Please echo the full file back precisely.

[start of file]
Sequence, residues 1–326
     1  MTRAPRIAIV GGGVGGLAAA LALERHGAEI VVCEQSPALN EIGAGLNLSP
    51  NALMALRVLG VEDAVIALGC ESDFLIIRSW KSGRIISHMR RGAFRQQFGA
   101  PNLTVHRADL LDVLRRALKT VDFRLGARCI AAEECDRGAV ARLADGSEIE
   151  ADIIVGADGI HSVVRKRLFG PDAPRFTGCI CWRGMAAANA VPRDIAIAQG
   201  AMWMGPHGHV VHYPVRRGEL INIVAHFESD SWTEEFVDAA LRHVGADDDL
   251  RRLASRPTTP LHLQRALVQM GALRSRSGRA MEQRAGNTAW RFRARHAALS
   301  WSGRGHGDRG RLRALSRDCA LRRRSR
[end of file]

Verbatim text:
Sequence, residues 1–326
     1  MTRAPRIAIV GGGVGGLAAA LALERHGAEI VVCEQSPALN EIGAGLNLSP
    51  NALMALRVLG VEDAVIALGC ESDFLIIRSW KSGRIISHMR RGAFRQQFGA
   101  PNLTVHRADL LDVLRRALKT VDFRLGARCI AAEECDRGAV ARLADGSEIE
   151  ADIIVGADGI HSVVRKRLFG PDAPRFTGCI CWRGMAAANA VPRDIAIAQG
   201  AMWMGPHGHV VHYPVRRGEL INIVAHFESD SWTEEFVDAA LRHVGADDDL
   251  RRLASRPTTP LHLQRALVQM GALRSRSGRA MEQRAGNTAW RFRARHAALS
   301  WSGRGHGDRG RLRALSRDCA LRRRSR